The assassination of Labour MP Jo Cox on Thursday while working for her constituents has shocked many of us in the UK. Apart from the tragic loss of such a promising young politician and campaigner, perhaps the most unsettling aspect has been that her killer apparently repeatedly shot and stabbed her while shouting “Britain first“. The man charged with her murder, Thomas Mair, would only give his name in court as “Death to traitors, freedom for Britain.”
In the aftermath of her death, her husband, Brendan Cox, issued a courageous statement calling on everyone to “unite to fight against the hatred that killed her.” Jo Cox’s Fund, set up by friends and family on Friday, has raised almost £600,000 at the time of writing. One of the three causes which will benefit from the fund is Hope not Hate.
The Hope not Hate campaign learned from the Southern Poverty Law Centre that Thomas Mair “had bought manuals and other materials linked with terrorism from one of America’s (and the world’s) most virulent neo-nazi movements, the National Alliance(NA)”.
In her maiden speech in the House of Commons last year, Jo Cox said: “Our communities have been deeply enhanced by immigration, be it of Irish Catholics across the constituency or of Muslims from Gujarat in India or from Pakistan, principally from Kashmir. While we celebrate our diversity, what surprises me time and time again as I travel around the constituency is that we are far more united and have far more in common with each other than things that divide us.”
This conclusion is behind the #MoreInCommon hashtag which is being used to celebrate Jo Cox’s “belief in the humanity of every person in every place”. It also echoes the basis of Rabindranath Tagore’s humanism throughout his work.
In a series of speeches criticising nationalism over a century ago, after winning his Nobel Prize for Literature, Tagore observed that:
“… the idea of the Nation is one of the most powerful anaesthetics that man has invented. Under the influence of its fumes, the whole people can carry out its systematic programme of the most virulent self-seeking without being in the least aware of its moral perversion, in fact feeling dangerously resentful if it is pointed out. …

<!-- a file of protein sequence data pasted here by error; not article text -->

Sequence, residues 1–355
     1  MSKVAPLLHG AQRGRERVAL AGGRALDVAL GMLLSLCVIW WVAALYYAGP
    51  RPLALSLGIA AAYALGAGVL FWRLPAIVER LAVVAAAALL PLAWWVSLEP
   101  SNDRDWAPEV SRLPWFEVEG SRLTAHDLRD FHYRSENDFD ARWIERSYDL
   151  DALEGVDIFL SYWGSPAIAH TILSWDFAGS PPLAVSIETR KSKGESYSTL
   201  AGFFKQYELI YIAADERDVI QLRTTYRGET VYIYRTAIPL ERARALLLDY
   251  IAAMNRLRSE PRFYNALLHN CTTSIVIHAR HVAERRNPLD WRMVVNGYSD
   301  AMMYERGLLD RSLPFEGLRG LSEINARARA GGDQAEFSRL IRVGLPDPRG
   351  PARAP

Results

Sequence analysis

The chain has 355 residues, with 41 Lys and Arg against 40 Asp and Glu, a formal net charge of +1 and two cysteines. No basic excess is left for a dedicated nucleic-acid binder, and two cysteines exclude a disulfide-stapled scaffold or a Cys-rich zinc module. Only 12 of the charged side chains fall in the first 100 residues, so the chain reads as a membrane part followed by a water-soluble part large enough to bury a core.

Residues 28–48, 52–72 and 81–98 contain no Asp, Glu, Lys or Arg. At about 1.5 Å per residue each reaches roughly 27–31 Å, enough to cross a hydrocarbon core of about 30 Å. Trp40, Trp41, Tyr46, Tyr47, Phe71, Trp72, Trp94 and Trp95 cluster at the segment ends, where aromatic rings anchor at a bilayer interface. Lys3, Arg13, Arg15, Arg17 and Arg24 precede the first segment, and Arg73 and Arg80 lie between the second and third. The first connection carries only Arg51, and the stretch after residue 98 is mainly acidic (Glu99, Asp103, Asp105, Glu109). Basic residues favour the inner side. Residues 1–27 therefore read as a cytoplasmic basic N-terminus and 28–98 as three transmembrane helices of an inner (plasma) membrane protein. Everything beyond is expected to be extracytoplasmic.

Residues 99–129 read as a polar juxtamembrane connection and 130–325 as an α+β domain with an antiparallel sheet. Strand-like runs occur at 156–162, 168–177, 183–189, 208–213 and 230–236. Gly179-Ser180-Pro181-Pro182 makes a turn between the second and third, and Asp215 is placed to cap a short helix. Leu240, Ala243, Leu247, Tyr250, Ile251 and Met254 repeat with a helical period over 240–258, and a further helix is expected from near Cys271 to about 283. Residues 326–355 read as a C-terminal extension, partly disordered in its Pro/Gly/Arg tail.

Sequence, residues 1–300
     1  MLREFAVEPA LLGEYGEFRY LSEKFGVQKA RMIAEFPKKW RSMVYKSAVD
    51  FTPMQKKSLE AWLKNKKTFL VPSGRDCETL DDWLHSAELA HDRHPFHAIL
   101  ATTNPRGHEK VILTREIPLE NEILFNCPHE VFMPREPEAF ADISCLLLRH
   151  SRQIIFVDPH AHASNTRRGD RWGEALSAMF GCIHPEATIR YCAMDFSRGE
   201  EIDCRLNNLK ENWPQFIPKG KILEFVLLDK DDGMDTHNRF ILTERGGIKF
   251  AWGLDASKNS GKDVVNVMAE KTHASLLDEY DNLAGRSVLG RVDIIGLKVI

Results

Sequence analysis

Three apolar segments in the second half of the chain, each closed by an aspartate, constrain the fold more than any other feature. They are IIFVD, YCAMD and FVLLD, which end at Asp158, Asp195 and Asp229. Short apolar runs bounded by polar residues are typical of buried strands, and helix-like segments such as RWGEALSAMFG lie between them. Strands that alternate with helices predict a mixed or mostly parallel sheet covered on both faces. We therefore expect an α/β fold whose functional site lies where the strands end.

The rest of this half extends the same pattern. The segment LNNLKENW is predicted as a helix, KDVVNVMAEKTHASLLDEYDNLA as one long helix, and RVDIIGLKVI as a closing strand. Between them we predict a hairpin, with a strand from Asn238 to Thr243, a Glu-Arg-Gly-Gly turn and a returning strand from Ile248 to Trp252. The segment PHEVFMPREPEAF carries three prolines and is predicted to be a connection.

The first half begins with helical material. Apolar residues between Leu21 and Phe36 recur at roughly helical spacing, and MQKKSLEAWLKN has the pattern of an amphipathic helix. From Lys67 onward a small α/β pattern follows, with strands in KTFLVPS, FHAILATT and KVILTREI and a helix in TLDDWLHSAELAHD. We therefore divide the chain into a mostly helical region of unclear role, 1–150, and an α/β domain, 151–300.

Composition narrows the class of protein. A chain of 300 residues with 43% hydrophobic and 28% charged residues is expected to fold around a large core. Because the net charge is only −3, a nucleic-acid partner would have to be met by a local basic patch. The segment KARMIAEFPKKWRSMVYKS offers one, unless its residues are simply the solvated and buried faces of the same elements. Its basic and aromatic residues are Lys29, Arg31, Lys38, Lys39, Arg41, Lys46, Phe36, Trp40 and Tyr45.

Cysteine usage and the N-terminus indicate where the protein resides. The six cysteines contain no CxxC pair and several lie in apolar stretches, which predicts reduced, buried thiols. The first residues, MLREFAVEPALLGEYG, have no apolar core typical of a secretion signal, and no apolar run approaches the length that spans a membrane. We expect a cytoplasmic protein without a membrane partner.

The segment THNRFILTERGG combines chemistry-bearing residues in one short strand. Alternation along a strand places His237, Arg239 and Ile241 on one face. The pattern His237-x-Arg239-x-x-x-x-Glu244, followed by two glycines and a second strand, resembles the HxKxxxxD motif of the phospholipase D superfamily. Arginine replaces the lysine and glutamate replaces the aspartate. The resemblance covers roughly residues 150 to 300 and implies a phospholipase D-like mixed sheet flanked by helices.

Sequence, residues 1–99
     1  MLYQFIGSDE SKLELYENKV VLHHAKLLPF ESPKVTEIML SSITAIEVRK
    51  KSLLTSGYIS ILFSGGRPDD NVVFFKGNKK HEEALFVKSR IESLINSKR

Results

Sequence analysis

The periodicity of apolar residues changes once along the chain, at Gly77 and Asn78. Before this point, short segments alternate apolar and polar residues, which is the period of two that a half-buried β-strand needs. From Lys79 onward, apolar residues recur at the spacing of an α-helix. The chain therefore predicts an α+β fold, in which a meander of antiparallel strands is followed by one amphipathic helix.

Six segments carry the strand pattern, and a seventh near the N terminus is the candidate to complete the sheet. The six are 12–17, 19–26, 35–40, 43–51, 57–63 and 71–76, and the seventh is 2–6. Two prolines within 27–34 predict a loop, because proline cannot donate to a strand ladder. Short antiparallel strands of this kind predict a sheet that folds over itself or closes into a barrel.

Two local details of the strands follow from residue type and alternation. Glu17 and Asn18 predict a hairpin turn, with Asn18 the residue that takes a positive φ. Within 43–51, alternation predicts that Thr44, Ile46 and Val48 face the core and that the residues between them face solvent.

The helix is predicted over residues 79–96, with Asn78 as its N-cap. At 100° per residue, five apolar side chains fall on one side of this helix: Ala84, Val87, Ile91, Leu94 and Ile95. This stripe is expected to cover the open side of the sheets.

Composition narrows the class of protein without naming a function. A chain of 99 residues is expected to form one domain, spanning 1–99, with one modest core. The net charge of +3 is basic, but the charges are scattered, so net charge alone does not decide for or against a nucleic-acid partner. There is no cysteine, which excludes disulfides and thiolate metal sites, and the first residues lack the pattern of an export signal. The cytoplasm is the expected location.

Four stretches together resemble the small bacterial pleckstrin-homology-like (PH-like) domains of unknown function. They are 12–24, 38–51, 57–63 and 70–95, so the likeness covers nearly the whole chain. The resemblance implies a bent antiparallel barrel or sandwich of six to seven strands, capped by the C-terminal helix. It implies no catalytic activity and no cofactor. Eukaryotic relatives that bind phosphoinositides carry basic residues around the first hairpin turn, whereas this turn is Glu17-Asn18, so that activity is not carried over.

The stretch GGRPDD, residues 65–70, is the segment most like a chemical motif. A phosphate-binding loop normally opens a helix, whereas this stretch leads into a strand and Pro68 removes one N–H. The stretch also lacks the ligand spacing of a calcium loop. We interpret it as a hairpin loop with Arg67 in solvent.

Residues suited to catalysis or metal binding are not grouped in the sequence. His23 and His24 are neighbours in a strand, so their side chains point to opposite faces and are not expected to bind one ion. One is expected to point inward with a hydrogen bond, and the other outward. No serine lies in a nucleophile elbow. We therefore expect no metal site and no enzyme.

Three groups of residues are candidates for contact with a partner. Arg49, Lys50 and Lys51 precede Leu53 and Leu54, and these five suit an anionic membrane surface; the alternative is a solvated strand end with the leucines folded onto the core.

“When we are fully human, we cannot fly at one another’s throats; our instincts of social life, our traditions of moral ideals stand in the way. If you want me to take to butchering human beings, you must break up that wholeness of my humanity through some discipline which makes my will dead, my thoughts numb, my movements automatic, and then from the dissolution of the complex personal man will come out that abstraction, that destructive force, which has no relation to human truth, and therefore can be easily brutal or mechanical.”
Tagore defined the Nation as follows:
“A nation, in the sense of the political and economic union of a people, is that aspect which a whole population assumes when organised for a mechanical purpose. Society as such has no ulterior purpose. It is an end in itself. It is a spontaneous self-expression of man as a social being. It is a natural regulation of human relationships, so that men can develop ideals of life in co-operation with one another. It has also a political side, but this is only for a special purpose. It is for self-preservation. It is merely the side of power, not of human ideals.
“… The time comes when it can stop no longer, for the competition grows keener, organisation grows vaster, and selfishness attains supremacy. Trading upon the greed and fear of man, it occupies more and more space in society, and at last becomes its ruling force.”
Tagore reminded his audience that the real history of India is that of its social life and attainment of spiritual ideals.